The New York-based Innocence Project, a group that works to free the wrongfully convicted, is asking that an independent commission examine how Kirk Bloodsworth, an innocent Cambridge man, ended up on Maryland's death row. Some state lawmakers and lawyers have said they would support the creation of an independent group - similar to ones planned by North Carolina and Connecticut - to analyze Bloodsworth's and other wrongful convictions. "It's something I think might have some traction," said Sen. Brian E. Frosh, chairman of the Maryland Senate's Judicial Proceedings Committee.
NEWS
By Dan Rodricks | December 7, 2009
Kirk Bloodsworth, the first American death row inmate to be exonerated by DNA evidence, has lived to see something he never could have imagined -- an award named after him, and its first recipient a Democratic senator from Vermont. Tuesday night, at a Washington gala, Sen. Patrick Leahy receives the Kirk Bloodsworth Justice for All Award as an "outstanding champion of justice" for his sponsorship of the 2004 Innocence Protection Act, which, among other things, provides states with funding for DNA testing in criminal cases to avoid, or undo, wrongful convictions.
NEWS
By Peter Hermann and Peter Hermann,peter.hermann@baltsun.com | October 14, 2009
Police Maj. Scott L. Bloodsworth stands on Charles Street in Federal Hill as the crowd of revelers swells. It's Friday, just before midnight, and already many patrons have had too much to drink. Outside Noble's Bar, a giddy young woman screams and runs into the open arms of a friend, sending both crashing to the pavement. Bloodsworth, who commands the Southern District, watches his officers watch the partyers. He has officers strategically placed along Charles and Cross streets, on blocks dominated by the biggest and most popular taverns, and near a bank machine and a parking garage.
NEWS
By Julie Bykowicz and Julie Bykowicz,julie.bykowicz@baltsun.com | October 1, 2009
Two Baltimore programs that use DNA evidence in criminal cases will receive $307,000 from the National Institute of Justice, part of an award named after a former Maryland death row inmate who was exonerated by the forensic evidence, Gov. Martin O'Malley announced Wednesday. The Innocence Project, based at the University of Baltimore School of Law, which works to free wrongly convicted inmates, will get most of the Kirk Bloodsworth testing grant money. The Baltimore state's attorney's office's forensics division will receive about $13,000 to purchase computers to track and maintain documentation in forensic DNA cases that might later qualify for post-conviction testing.
NEWS
By PETER HERMANN and PETER HERMANN,peter.hermann@baltsun.com | November 30, 2008
John A. Steele Sr. was cremated without ceremony. Only his estranged wife and children attended the brief service at the Charles L. Stevens Funeral Home in Locust Point. No words were spoken. No death notice appeared in the paper. No obituary was written. Jane Steele loved her husband but couldn't live with him. She stayed married even after kicking him out of their Clement Street rowhouse 16 years ago. He had stopped working and turned to alcohol 16 years before that. She worked then in a factory, putting labels on cans, and she sewed dresses and cleaned houses to pay the mortgage.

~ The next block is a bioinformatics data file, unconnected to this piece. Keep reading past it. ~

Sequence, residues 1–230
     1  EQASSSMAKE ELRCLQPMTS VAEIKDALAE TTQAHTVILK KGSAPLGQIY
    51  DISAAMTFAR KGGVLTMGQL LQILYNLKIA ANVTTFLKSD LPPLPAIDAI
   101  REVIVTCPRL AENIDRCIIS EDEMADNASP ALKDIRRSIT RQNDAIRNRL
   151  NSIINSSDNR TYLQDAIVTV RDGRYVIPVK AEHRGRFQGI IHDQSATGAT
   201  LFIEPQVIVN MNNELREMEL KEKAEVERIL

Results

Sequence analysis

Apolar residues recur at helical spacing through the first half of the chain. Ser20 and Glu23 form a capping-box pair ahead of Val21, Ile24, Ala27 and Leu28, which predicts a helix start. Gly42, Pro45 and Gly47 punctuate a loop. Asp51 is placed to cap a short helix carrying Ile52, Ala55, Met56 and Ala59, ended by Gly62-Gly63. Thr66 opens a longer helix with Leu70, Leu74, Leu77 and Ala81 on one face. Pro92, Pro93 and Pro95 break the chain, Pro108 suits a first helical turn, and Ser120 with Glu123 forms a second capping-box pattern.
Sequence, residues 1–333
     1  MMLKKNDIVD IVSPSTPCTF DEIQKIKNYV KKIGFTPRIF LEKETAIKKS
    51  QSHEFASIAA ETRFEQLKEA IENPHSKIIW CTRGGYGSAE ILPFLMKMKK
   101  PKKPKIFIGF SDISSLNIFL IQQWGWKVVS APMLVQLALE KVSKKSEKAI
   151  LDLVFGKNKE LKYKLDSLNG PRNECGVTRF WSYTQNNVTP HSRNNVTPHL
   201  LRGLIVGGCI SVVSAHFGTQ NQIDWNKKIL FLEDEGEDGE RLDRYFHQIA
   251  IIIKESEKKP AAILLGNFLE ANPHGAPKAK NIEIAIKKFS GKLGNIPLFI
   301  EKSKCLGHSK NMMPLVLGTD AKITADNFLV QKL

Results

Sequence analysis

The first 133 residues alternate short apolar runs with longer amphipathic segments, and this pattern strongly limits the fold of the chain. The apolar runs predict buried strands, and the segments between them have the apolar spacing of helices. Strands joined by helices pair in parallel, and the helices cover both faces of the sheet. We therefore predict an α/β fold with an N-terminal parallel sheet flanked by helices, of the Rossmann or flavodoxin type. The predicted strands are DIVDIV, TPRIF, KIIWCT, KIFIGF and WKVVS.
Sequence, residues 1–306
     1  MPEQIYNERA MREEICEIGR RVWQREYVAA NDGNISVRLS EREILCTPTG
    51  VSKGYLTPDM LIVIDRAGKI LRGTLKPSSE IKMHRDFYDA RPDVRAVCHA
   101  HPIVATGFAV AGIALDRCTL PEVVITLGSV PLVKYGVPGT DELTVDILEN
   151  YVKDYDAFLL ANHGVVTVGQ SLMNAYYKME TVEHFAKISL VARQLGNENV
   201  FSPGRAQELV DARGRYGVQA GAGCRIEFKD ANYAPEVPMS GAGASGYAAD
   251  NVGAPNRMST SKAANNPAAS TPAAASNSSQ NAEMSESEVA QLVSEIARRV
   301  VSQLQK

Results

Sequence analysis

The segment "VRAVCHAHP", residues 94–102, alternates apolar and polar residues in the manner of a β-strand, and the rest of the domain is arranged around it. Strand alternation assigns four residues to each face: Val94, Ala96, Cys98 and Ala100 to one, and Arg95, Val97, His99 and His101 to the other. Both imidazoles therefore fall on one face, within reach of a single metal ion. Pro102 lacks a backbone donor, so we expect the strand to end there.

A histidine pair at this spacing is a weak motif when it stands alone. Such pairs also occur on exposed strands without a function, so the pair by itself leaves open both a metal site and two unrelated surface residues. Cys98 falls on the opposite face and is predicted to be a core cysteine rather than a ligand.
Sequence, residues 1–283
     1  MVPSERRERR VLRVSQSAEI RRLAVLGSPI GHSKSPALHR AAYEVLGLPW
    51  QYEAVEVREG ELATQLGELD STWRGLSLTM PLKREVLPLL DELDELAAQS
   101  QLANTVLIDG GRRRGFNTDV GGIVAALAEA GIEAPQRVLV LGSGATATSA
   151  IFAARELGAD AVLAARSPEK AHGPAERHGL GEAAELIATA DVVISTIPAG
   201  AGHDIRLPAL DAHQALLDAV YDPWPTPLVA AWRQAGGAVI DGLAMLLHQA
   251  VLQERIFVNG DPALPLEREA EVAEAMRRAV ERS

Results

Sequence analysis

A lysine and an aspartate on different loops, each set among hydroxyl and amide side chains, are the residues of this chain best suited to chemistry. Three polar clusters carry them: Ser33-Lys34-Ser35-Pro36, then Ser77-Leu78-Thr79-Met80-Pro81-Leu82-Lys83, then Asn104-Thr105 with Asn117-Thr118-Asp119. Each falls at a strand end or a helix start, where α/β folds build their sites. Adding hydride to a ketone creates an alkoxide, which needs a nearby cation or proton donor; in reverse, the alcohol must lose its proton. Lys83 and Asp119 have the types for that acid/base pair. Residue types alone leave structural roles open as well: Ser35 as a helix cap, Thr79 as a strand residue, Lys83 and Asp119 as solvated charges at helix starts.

NEWS
July 6, 2006
On July 3, 2006, MARIE B. MATACOTTA (nee Bloodsworth); beloved wife of the late Augusta J. Matacotta and devoted mother of Larry A. Ruark. Funeral Services and Interment will be at convenience of the family. Arrangements by MARZULLO FUNERAL CHAPEL, P.A., 410-254-5201.
NEWS
January 16, 2006
On January 14, 2006, EDWARD G., of Baltimore, beloved father of Sharon Baylin, of Baltimore and Valerie Bloodsworth, also survived by 3 grandchildren and 1 great-granddaughter. A Graveside service will be held at Parkwood Cemetery, Taylor Avenue, on Monday at 1 P.M. Family will receive friends at their residence following the service. In lieu of flowers, memorial contributions may be made to Maryland SPCA, 300 Falls Rd, Baltimore, MD 21211-2403. Inquiries may be directed to CAFA Stephen D. Lohrmann C.A. at 410-321-1005.
NEWS
By Glenn Small and Glenn Small,Staff Writer | July 3, 1993
Now that Kirk Noble Bloodsworth has been freed from two consecutive life sentences for murder and sexual assault, will the state pay him for the nine years he spent behind bars?Mr. Bloodsworth, who was 23 when he was arrested in August 1984 and is now 32, certainly expects some compensation, although neither he nor his attorney will name a specific dollar figure.His attorney, Robert E. Morin, said he hopes the state will act in "good faith" and propose a package of money and support services, such as health care, counseling and education.
NEWS
January 5, 2006
On January 3, 2006, OLIVE W. BLOODSWORTH DAVIES beloved wife of the late E. Woodrow Bloodsworth and Stanley W. Davies, devoted mother of Olive May Abt and her husband Frederick W. Abt III and Martha Kulaga and her husband Louis N. Kulaga, loving grandmother of Rick and Lisa Abt, Laura and Ted Kaelber, Becky and Doug Bradley and Matt Kulaga and Emily Clayton and dear great-grandmother of Jonathan and Carli Abt and Mikayla Bradley. Relatives and friends are invited to call at SCHIMUNEK FUNERAL HOME INC., 9705 Belair Road (at Forge Road)
NEWS
By Rona Kobell and Rona Kobell,SUN STAFF | March 15, 2005
U.S. Sen. Paul S. Sarbanes urged the Navy yesterday to complete a full environmental study before it resumes bombing practice on Bloodsworth Island in the Chesapeake Bay. Sarbanes is concerned that the Navy, which stopped bombing and strafing runs on the island near Tangier Sound nine years ago, is not looking hard enough at alternatives to resuming live-fire training exercises and hasn't given the public enough notice. A full environmental impact study could take more than a year and would delve into all possible alternatives, as well as give the public more of a role in the decision.